The 60-year-old science mistake that helped Covid kill

Epidemiologists have long noted that most respiratory insects require close contact to propagate. But in that small space, a lot can happen. A sick person may cough up droplets on your face, give off small droplets that you inhale, or shake your hand, which you then use to rub your nose. Any of these mechanisms may transmit the virus. “Technically speaking, it’s very difficult to separate them and see which is causing the infection,” says Marr. For long-range infections, only the smallest particles can be blamed. Close up, however, particles of all sizes were playing a role. However, for decades, droplets were seen as the primary cause.

Marr decided to collect some of her data. By installing air samplers in places like daycare and airplanes, I often found the flu virus where the textbooks said it shouldn’t be – hiding in the air, often in particles small enough to stay high for hours. And there was enough of it to make people sick.

In 2011, this should have been headline news. Instead, her manuscript was rejected by major medical journals. Even as she conducted new experiments that added evidence of the idea that influenza was infecting people via aerosols, there was only one specialist publisher. Royal Society Front Magazine, She was constantly receptive to her work. In the world of reclusive academia, aerosol has always been the domain of engineers and physicists, and pathogens have been a purely medical concern; Marr was one of the rare people who tried to transcend the split. “I was definitely marginal,” she says.

Believing this might help her overcome this resistance, she was trying from time to time to figure out the source of the defective 5 μm shape. But she was always stuck. Medical textbooks simply stated that it was true, without quoting, as if it was pulled from the air itself. Finally tired of trying, her search and life continued, and the 5-micron puzzle faded into the background. Until December 2019, when the paper crossed her office from Yuguo Li Lab.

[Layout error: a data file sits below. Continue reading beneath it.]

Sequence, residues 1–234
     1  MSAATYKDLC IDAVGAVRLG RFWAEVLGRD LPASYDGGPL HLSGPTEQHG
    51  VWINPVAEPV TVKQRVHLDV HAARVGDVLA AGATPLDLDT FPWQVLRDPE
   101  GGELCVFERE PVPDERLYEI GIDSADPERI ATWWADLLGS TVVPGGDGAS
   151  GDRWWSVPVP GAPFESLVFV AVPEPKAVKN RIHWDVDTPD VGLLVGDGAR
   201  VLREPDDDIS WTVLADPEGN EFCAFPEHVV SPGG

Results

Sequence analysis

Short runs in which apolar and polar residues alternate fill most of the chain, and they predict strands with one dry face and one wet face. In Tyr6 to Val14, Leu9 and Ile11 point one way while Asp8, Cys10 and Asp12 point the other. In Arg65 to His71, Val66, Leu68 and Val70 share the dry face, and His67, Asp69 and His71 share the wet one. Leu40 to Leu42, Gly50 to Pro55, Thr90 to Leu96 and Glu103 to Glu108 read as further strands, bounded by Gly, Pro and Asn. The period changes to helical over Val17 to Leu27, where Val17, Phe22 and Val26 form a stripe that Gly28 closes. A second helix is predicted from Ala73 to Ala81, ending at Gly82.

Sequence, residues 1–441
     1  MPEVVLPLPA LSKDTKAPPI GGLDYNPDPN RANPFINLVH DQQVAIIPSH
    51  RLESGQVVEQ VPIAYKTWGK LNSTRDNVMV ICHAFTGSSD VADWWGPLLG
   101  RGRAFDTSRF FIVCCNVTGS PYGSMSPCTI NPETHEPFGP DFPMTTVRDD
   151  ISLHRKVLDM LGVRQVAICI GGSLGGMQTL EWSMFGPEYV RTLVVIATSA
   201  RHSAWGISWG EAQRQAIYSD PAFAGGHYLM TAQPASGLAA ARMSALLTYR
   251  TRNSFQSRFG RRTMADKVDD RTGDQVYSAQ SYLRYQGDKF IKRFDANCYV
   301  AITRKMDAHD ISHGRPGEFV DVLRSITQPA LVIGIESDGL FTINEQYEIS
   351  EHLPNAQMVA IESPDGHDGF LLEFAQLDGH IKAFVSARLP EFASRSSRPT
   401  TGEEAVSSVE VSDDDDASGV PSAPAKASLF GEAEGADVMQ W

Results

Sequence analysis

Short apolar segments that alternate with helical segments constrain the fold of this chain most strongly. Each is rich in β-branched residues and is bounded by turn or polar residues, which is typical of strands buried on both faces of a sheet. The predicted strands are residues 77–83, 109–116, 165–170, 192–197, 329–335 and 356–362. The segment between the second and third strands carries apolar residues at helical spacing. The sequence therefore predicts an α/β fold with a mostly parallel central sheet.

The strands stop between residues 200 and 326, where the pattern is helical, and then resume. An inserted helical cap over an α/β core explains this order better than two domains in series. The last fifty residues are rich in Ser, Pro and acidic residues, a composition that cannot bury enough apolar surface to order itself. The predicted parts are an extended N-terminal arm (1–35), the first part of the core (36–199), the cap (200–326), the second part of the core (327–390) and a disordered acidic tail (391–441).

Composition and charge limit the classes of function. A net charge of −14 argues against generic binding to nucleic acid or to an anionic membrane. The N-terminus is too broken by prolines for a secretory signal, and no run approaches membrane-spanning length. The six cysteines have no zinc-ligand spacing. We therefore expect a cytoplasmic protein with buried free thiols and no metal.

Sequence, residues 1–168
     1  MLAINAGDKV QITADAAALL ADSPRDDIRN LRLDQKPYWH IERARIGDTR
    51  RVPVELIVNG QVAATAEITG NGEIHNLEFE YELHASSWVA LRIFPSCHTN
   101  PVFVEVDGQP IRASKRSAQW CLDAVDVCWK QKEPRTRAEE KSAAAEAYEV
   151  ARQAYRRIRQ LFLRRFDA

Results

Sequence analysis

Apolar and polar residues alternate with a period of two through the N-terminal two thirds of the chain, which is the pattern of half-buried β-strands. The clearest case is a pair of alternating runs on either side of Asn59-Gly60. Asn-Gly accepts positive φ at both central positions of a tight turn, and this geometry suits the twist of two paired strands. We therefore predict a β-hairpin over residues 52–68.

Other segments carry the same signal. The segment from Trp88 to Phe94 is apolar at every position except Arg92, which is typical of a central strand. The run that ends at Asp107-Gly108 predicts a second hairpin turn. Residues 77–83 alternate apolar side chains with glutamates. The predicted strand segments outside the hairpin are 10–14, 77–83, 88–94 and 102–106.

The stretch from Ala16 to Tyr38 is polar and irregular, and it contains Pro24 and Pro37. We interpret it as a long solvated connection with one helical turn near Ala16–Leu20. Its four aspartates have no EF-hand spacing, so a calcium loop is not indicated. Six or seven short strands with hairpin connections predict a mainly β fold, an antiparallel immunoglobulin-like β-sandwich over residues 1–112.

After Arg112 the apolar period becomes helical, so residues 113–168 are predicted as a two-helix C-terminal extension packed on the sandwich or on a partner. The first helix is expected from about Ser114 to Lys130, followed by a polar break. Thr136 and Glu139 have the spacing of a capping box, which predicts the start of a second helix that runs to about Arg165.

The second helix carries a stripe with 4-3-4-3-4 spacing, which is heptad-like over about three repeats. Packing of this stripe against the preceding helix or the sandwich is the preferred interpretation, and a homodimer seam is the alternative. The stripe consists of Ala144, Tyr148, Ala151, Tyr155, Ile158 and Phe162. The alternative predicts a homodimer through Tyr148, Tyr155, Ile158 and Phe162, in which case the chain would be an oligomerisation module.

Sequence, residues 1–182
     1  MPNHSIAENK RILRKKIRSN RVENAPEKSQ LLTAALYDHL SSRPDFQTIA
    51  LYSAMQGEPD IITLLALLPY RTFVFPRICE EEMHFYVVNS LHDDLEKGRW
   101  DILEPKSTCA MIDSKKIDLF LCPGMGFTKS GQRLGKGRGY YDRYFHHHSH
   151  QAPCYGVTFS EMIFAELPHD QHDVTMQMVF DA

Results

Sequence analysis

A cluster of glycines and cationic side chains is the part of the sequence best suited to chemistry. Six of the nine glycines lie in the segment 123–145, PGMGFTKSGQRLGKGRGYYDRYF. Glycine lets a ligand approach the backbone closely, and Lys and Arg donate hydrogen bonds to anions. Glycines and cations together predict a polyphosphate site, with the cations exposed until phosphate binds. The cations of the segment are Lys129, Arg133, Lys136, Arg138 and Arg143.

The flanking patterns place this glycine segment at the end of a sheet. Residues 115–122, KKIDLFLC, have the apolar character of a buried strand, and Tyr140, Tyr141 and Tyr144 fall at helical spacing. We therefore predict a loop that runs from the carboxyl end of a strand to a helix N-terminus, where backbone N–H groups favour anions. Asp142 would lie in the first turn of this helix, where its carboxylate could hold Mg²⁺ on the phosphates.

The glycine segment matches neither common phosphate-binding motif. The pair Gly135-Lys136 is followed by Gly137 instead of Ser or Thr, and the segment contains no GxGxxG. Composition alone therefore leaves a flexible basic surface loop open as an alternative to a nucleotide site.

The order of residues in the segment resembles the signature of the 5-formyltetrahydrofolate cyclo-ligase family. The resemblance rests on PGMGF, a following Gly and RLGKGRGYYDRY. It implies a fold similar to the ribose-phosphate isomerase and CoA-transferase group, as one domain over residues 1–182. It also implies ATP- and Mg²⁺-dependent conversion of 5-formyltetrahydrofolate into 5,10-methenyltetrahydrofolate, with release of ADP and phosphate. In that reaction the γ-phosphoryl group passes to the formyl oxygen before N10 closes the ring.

Lee was an outdoor researcher at the University of Hong Kong and made a name for himself during the first outbreak of SARS, in 2003. His investigation into an outbreak at the Amoy Gardens Apartments complex provided the strongest evidence that Coronavirus can be transmitted through the air. But in the decades that followed, he also struggled to convince the public health community that their risk calculations were off the hook. In the end, he decided to do the math. Lee’s neat simulation showed that when a person coughed or sneezed, the heavy droplets were very few and the targets – open mouth, nose, and eyes – were too small to cause much infection. Therefore, Li’s team concluded that the Public Health Foundation was underdeveloped and that most colds, influenza, and other respiratory illnesses should be spread via aerosols instead.

They argued that their findings revealed the fallacy of the 5-μm boundary. And they went further, tracing the number back to a decades-old document that the CDC published for hospitals. Mar couldn’t help but feel a wave of excitement. A magazine asked her to review a paper for me, and she didn’t hide her feelings as she plotted her response. On January 22, 2020, you wrote: “This work is extremely important in challenging the current doctrine about how infectious diseases are transmitted in droplets and aerosols.”

Even while composing her note, the implications of Lee’s work were far from theoretical. Hours later, Chinese government officials cut off any travel to and from Wuhan, in a desperate attempt to contain a hitherto unnamed respiratory disease in major cities of 11 million people. With the epidemic shutting down country after country, the World Health Organization and the Center for Disease Control have required people to wash their hands, clean surfaces and maintain social distancing. They said nothing about masks or the dangers of being indoors.

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